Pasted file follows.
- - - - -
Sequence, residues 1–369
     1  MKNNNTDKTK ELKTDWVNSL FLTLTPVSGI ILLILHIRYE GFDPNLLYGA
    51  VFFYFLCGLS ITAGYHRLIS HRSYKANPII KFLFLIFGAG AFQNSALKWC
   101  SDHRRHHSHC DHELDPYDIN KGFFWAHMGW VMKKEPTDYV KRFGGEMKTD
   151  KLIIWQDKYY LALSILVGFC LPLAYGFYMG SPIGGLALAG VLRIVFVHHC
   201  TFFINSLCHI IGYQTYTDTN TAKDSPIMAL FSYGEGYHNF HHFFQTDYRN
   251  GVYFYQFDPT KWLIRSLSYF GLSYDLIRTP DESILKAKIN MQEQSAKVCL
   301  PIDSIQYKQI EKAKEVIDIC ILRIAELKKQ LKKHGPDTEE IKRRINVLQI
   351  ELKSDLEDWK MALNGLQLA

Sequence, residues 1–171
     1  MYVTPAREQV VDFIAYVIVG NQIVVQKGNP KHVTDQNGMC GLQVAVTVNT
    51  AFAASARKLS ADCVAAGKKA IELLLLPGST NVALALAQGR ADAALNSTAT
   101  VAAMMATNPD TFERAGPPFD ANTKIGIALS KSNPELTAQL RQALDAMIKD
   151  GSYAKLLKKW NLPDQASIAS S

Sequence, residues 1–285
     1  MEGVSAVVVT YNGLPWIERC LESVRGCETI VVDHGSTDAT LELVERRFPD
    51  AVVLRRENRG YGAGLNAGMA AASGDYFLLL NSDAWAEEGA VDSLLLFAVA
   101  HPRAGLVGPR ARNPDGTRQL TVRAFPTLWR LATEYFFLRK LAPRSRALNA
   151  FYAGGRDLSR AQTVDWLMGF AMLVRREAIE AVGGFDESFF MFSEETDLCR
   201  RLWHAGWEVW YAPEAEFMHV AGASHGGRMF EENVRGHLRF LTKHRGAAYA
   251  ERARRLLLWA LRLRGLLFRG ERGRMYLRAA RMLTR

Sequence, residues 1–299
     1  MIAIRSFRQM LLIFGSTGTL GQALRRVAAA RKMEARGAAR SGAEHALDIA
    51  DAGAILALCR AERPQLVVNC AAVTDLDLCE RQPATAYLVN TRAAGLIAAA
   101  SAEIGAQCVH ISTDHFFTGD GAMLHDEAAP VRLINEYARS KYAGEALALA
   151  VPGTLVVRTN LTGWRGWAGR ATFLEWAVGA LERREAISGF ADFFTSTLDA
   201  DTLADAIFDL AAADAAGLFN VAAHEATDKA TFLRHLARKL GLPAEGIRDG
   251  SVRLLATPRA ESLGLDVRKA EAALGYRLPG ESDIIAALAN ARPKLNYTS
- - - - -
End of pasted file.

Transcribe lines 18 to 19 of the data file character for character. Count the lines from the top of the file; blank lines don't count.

   101  HPRAGLVGPR ARNPDGTRQL TVRAFPTLWR LATEYFFLRK LAPRSRALNA
   151  FYAGGRDLSR AQTVDWLMGF AMLVRREAIE AVGGFDESFF MFSEETDLCR